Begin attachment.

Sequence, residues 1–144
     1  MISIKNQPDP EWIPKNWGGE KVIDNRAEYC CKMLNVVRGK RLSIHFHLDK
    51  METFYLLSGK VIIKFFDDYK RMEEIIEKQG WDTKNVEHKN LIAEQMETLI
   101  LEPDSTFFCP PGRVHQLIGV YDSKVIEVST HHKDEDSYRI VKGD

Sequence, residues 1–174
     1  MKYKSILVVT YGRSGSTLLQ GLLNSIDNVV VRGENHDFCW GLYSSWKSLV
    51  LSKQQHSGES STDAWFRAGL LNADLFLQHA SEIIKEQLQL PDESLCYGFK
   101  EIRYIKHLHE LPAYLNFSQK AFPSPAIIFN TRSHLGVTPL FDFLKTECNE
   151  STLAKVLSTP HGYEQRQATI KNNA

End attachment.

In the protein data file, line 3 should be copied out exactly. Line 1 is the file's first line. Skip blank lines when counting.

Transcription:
    51  METFYLLSGK VIIKFFDDYK RMEEIIEKQG WDTKNVEHKN LIAEQMETLI